It’s pretty cool being able to see three countries at one time but the real reason to journey out to the triangle is for the Hall of Opium. As the area is notorious for opium production, this museum was commissioned in the hopes of educating people about the drug and its dangers. The entrance fee seems a little steep (200 baht) but is totally worth it. It really gives you a great of the history of the drug right through the ages and is not to be missed. Take note, there is a ‘House of Opium’ that’s close to where the bus drops you off but this is not the one you want.

Getting from the Golden Triangle tourist area to the Hall of Opium is  a bit of a gamble. We spent almost an hour trying to track down some sort of transport and ended up flagging down some random ute heading in the general direction. After some intense sign language and help from a local lady on board we made it. You could probably walk but it will take a while – your best bet is to do as we did (it should cost around 20 baht from the Golden Triangle area).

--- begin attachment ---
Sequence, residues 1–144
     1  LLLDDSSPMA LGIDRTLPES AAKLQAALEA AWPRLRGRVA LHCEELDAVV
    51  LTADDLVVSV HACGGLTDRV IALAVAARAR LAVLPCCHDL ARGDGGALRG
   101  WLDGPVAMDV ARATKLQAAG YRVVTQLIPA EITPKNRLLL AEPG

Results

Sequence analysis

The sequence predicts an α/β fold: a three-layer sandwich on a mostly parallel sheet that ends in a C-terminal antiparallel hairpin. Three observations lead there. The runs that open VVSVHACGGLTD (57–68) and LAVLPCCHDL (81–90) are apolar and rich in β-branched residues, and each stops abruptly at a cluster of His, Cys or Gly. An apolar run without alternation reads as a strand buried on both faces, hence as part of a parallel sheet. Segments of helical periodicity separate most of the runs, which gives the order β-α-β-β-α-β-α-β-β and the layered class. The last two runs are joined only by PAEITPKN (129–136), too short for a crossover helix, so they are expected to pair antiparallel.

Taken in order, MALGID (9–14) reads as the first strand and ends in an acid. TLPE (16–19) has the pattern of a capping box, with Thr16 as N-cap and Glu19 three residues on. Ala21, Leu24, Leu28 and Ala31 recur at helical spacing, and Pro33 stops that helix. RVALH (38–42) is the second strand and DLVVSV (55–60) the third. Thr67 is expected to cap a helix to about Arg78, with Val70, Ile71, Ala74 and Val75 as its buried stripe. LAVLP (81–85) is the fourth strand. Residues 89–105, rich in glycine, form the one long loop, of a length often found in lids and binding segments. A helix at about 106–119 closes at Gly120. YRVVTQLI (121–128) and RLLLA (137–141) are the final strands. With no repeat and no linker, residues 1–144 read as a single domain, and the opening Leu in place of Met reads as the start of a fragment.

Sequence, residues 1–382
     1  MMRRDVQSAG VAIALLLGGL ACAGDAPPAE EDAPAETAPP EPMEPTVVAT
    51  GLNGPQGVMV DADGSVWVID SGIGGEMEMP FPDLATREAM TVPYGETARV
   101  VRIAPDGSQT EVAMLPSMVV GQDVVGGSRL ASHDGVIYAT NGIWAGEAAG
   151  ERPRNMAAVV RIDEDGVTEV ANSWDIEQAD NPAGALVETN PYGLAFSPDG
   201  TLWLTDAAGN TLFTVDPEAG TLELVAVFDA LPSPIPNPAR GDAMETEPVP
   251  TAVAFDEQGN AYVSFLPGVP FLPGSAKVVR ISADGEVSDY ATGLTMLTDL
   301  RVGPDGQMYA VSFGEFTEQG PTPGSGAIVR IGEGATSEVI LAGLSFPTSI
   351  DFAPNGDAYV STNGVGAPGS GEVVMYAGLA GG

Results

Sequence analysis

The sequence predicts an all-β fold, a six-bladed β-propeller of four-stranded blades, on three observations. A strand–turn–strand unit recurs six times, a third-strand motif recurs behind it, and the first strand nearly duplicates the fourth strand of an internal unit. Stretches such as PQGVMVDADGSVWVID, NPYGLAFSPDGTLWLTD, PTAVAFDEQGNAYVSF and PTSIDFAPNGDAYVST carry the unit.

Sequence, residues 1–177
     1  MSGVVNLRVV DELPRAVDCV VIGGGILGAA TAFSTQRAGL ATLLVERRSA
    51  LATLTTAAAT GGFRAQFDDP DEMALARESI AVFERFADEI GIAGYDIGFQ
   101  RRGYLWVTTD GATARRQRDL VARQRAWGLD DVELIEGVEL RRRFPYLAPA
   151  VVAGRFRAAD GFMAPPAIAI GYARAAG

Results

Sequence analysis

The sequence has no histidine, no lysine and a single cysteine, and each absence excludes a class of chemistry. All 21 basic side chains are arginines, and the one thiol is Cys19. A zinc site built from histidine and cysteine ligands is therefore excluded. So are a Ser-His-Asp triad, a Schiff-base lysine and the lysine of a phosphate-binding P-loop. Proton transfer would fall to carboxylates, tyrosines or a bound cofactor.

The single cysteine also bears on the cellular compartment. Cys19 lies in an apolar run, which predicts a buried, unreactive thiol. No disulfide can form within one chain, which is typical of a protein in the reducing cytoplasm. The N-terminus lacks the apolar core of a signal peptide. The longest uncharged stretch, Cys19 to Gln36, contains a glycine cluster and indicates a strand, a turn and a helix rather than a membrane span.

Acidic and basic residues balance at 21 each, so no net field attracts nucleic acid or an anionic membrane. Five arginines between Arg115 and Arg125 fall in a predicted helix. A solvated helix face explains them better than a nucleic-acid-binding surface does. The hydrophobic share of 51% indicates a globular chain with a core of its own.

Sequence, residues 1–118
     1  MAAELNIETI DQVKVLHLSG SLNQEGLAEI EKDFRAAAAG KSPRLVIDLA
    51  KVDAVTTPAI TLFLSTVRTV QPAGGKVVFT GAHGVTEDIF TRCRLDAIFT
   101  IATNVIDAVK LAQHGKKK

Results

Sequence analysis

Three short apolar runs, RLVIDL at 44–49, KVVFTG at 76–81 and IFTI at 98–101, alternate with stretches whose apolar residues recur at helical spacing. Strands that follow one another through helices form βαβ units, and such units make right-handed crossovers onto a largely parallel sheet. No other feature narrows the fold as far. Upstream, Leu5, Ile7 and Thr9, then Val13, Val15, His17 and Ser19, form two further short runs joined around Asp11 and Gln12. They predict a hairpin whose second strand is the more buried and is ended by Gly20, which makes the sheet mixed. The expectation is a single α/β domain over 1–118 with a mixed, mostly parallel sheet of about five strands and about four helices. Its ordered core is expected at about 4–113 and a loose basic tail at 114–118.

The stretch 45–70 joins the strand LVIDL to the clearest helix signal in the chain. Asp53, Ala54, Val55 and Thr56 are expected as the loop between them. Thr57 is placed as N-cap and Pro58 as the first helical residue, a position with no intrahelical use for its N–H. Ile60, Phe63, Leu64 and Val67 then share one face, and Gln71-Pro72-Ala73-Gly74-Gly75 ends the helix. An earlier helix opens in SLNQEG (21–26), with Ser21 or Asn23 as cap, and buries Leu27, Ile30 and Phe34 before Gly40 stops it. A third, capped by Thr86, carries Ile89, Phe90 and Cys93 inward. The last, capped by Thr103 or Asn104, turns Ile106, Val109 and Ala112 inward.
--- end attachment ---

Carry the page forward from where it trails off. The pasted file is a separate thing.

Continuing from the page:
The grand entrance way.

And the creepy entrance tunnel that seems to go on forever.

There were no cameras allowed past this point so you’ll have to explore it for yourself. I have to say that it’s one (if not the) most impressive and interesting museum I’ve ever been to. The technology in the displays is insane and presents the information in such an interactive way that you don’t get bored. If you’re like me then an hour is about all you can stand in a museum but I could easily have spent half a day there. It’s almost like a really serious theme park! We were rushing a bit and ended up there for almost three hours so make sure you give yourself plenty of time.

I thought I was going to struggle writing this blog considering that Chiang Rai wasn’t as amazing as we’d hoped although now I look back at it, the Hall of Opium, White Temple and walking street markets totally made the pitstop worth it…even if it did mean a night spent in the glorious Chiang Khong.